More small (and bigger) solutions

by Yule Heibel on June 28, 2005

Way back at the beginning of the month, I went to an event at the Royal BC Museum that showcased sustainable energy. Highlight was without a doubt a presentation by Guy Dauncey, whom we were lucky enough to hear even though we didn’t know he was giving a talk. I’m glad we didn’t miss it — it was inspirational, very hopeful (all things considered), and full of useful information about how we can move toward sustainable energy consumption and production.

The following are some links and pointers to the energy innovators Dauncey mentioned during his talk. I tried to scribble down as many URLs as I could — I get the impression Dauncey has a million more up his sleeve:

For those who want to reduce the cost of heating hot water, there’s the GFX(TM) Heat-Xchanger & Water Heater Booster. It’s a brilliantly simple idea, and it saves money & energy.

Then there are those kooky Swiss: who would have thought that they’d figure out a way to extract heat energy from …sewage? RabTherm designs pipelines with heat-conducting elements in the underside, which conduct the heat in sewage back to where it’s useful. Hmmm…. In the summer, they can even use it to cool homes. Wastewater, including sewage waste, has an average temperature of a whopping 25 Celsius when it leaves the house via the waste pipe. (That’s …let me see, 25 times 1.8, that’s 45.0, plus 32, that’s 77 Fahrenheit. Nice and warm.) It’s energy (in the form of heat) that’s dissipated and not recycled. RabTherm changes that. This page explains the system (in simple terms), and note that the heat exchanger pipes are embedded in the concrete sewage/ waste pipe under the street, and have a life expectancy of 50 years.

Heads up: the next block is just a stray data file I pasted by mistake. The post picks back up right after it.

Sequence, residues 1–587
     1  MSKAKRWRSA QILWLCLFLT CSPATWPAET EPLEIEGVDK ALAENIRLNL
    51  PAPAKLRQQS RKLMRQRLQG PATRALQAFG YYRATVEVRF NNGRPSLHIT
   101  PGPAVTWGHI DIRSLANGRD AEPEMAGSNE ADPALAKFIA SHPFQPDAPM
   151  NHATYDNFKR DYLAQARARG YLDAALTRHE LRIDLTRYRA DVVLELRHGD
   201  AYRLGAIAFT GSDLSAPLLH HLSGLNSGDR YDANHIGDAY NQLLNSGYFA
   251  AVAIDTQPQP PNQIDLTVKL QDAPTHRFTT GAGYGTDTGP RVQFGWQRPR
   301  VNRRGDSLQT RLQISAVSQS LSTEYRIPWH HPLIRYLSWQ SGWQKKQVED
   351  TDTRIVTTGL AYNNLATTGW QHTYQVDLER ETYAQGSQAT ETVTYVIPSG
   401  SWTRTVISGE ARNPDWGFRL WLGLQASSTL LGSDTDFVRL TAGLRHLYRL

Switzerland. The clocks work, and so does the sh….

They even had a conference in Vancouver recently:

Vancouver: Geo Exchange Konferenz vom 17. bis 18.März 2005
Vortrag Urs Studer: An alternative thermal energy source for cities
Hilton Hotel, Burnaby / Session 3B am 18.3. um 10.15 Uhr

If you never thought that solar energy could fulfill your hot water needs, Thermomax Industries will change your mind. If you go to their applications page, you’ll find a gazillion other applications/ devices already in use (and for sale).


* Over 2,000,000 Thermomax Solar Tubes are in daily use in over 40 countries worldwide.
*From a pollution perspective, installing a 30 tube Thermomax collector is equivalent to removing one car from service.
* Thermomax Collectors are the best you can buy.

On a much bigger scale, there’s WaveGen, which harnesses the power of the oceans to harness energy we can use. Dauncey especially pointed to WaveGen’s LIMPET, which stands for Land Installed Marine Powered Energy Transformer, and which really does seem to have tremendous potential for use without bureaucratic centralisation.

Can’t rely on your bicycle or on public transportation? Get a hybrid plug-in vehicle: there’s The California Cars Initiative (CalCars), “a non-profit startup formed by a group of California entrepreneurs, engineers, environmentalists and consumers to jump-start the market for plug-in hybrids. We’ve built a prototype PHEV and we are harnessing the collective vision and purchasing power of individuals and corporate and government fleets. CalCars aims to engage with a major car maker to produce plug-in versions of existing sedans and SUVs.” Lots of information there to get started on. Of course, you could go off-grid with your transportation, too, and get a Solar Vehicle. These look really cute, but they wouldn’t do for sweltering humid climates. This is definitely a Left Coast or desert vehicle…. (Did I mention that this website has instructions for how to build your own? Check it out here — this sounds like one heck of a science project for some high schoolers, too.